Counts of neurons within the inner nuclear layer (INL) showed that PI did not cause any transneuronal retrograde cell death, and qualitative inspection of the inner plexiform layer (IPL) at the ultrastructural level showed that amacrine cell processes, bipolar terminals, and Müller cells were all normal in appearance (Hitchcock, unpublished data; see also Osbome & Perry, 1985; Wâssle et al. 1987).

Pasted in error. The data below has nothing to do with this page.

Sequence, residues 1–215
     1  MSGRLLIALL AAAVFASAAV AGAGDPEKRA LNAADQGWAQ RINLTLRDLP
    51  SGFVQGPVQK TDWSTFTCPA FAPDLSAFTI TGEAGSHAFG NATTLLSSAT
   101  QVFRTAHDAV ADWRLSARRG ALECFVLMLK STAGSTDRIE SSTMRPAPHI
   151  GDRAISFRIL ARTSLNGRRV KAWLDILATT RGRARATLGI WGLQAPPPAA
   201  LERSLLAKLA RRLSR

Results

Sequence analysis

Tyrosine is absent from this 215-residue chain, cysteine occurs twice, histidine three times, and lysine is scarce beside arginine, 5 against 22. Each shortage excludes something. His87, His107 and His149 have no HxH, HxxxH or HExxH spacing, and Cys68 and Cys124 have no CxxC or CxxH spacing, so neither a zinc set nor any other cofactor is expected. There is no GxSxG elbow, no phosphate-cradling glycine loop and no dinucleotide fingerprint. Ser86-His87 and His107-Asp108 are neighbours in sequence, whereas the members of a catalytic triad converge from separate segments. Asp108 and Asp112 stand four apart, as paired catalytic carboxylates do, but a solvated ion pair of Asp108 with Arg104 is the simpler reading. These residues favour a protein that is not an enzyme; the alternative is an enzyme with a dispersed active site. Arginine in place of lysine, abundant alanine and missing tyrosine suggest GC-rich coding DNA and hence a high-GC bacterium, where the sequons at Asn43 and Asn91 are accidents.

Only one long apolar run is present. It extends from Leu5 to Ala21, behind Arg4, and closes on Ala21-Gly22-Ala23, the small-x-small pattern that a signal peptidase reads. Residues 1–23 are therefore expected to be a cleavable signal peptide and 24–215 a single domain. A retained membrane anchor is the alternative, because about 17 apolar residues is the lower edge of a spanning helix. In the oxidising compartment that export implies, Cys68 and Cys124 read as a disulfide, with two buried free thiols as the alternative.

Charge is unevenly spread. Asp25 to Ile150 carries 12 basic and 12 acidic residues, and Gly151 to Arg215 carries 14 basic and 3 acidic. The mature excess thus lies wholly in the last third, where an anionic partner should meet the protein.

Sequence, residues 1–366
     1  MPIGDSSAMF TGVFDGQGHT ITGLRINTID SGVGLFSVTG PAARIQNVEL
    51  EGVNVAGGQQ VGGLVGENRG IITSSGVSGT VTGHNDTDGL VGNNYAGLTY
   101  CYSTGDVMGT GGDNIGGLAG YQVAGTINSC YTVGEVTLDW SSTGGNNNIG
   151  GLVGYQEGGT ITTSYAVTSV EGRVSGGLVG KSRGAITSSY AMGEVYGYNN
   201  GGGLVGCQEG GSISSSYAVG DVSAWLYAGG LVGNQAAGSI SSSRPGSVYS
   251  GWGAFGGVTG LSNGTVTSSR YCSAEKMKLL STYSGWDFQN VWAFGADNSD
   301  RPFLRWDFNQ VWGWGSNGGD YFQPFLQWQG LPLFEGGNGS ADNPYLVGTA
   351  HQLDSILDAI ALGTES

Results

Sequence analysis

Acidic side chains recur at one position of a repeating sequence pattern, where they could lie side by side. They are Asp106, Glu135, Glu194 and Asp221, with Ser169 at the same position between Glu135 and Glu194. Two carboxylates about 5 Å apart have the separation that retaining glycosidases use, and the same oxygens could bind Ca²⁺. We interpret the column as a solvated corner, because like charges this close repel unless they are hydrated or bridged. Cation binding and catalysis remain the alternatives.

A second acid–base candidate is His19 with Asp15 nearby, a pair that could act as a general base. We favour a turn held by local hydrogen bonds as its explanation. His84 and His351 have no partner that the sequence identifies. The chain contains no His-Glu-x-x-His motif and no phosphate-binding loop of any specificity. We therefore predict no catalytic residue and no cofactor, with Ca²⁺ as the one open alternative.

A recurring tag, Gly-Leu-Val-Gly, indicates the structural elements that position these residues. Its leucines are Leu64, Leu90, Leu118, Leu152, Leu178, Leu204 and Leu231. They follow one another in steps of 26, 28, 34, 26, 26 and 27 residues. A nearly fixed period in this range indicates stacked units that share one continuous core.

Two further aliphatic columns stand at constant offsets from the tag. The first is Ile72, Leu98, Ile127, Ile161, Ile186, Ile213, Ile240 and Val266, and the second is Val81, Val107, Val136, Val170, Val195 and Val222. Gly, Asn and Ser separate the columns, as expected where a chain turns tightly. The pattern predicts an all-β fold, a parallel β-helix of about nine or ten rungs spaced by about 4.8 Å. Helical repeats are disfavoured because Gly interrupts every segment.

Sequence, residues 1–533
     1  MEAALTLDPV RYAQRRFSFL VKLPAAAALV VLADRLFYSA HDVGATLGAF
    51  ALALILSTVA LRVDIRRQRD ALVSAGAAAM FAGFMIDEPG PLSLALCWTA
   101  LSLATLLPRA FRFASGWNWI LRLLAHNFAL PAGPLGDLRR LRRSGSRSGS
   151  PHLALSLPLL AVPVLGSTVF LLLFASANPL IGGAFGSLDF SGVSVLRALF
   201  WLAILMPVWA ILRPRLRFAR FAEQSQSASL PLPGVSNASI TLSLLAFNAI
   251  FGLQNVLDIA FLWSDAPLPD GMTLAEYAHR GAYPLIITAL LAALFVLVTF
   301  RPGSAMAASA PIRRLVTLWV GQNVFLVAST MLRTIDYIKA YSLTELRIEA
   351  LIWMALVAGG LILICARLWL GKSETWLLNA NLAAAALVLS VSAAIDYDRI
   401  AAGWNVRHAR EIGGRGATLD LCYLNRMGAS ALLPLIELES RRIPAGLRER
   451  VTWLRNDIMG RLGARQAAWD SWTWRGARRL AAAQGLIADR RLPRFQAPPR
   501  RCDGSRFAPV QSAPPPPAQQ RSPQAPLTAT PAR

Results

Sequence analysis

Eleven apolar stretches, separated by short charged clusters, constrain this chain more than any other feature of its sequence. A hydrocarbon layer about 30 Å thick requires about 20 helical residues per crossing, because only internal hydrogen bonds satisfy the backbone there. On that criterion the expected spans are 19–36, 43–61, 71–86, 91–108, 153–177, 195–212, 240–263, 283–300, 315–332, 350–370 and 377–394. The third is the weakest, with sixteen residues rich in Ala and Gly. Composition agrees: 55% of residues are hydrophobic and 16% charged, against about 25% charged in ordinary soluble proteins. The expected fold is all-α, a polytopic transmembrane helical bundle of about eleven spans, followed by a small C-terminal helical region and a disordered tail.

Propidium iodide was applied in the following manner. All surgery was done after the fish (3−4 inch standard length) were deeply anesthetized in 0·1 % tricaine methanesulfonate. The left orbit was opened dorsally, the optic nerve exposed and sectioned bloodlessly and completely. A pledget of Gelfoam soaked in 2 μl of 15 % PI in 2 % dimethylsulfoxide (DMSO) and 1·45 units ml-1 of phospholipase A2 (from Naja naja venom; Sigma), to solubilize axonal membranes, was immediately applied to the stump. At concentrations below 15 % the extent of ganglion cell death seemed more variable, whereas at concentrations above 15 % the PI treatment produced lethal kidney damage. The orbit was then closed and sealed with cyanoacrylate glue, and the animal was returned to its home tank. Right, untreated retinae served as controls.